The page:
The Nissan Rogue is the beating heart of the Japanese brand’s lineup, and we all need a functioning heart don’t we. This is the kind of model that has no room for error, as in none at all. The compact SUV category has been lucrative and ferociously fought over for years now, as North American households have been gradually swapping their sedans for these “Swiss Army knives on wheels”.
If you play the say-the-first-thing-that-pops-into-your-head game, the Toyota RAV4 and the Honda CR-V come immediately to mind when people think of compact SUVs they might consider for their next vehicle, but right behind them is the Nissan Rogue, the new generation of which says hello to the world for 2021.
The outgoing edition, which first appeared in 2014, did get a refresh and redesign for the 2017 model-year, but more was needed - in this highly competitive segment, inaction is fatal. The Japanese car giant's top management had to make some major changes, especially in view of the Rogue’s status as the brand's best-seller.
I recently had occasion to put to the test the latest Rogue, in its most-equipped Platinum trim, over a week of rather icy temperatures this past January.
And I came up with 10 things I deemed most worth knowing if are considering the new Rogue, regardless of what trim you choose.
# 1 New front-end = newly redesigned headlights
This is not Nissan's first attempt to find a new home for its headlights. The first time was in 2010, when the manufacturer unveiled the Juke which, you may recall, came with large rounded headlights housed in the centre of its shield. But that look stayed an outlier, and no model of the brand has had this approach… until this new 2021 Rogue. Its headlights, those things that light up the road in front of the vehicle, are also installed right in the centre, and I must admit the brand's designers did good.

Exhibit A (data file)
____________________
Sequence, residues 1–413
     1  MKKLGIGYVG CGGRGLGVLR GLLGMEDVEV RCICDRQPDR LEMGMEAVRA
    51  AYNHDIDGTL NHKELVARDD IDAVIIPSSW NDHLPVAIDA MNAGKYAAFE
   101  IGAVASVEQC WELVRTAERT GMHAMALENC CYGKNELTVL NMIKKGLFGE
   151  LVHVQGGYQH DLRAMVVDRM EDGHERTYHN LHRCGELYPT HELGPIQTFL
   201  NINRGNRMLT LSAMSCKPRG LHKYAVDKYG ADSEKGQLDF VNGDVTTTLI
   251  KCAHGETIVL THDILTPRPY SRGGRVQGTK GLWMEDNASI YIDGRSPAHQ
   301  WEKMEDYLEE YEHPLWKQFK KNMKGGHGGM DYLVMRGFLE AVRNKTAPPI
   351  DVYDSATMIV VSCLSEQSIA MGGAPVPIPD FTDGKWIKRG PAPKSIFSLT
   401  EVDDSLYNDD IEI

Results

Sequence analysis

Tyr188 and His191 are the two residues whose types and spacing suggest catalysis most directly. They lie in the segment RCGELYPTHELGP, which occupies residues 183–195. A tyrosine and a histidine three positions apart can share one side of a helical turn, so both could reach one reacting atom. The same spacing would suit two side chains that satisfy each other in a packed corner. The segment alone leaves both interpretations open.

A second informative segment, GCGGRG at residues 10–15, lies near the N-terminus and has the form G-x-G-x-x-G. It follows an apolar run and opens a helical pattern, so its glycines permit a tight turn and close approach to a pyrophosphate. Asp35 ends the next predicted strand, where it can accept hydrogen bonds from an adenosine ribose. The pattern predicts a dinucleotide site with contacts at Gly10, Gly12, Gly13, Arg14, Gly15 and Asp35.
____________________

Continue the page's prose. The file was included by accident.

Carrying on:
# 2 Same displacement, new engine
Since its first steps on the market, the Nissan Rogue has been powered by a 2.5L naturally aspirated 4-cylinder engine. This new Rogue 3.0 still foregoes turbocharging, but the engine it uses has been extensively reworked to deliver more power (181 hp, up by 11) and more torque (181 lb-ft, up by 6).
Direct injection is part of the equation, but there's also reflective spray coating, a variable flow oil pump, an integrated exhaust manifold and a continuously variable electronic valve timing control system, all part of the strategy to improve fuel efficiency as much as possible.
When compared to the RAV4 in particular, the Rogue loses a few points in terms of power, but then again, compact SUV buyers aren't necessarily looking to break acceleration records on their daily commutes and trips to the grocery store.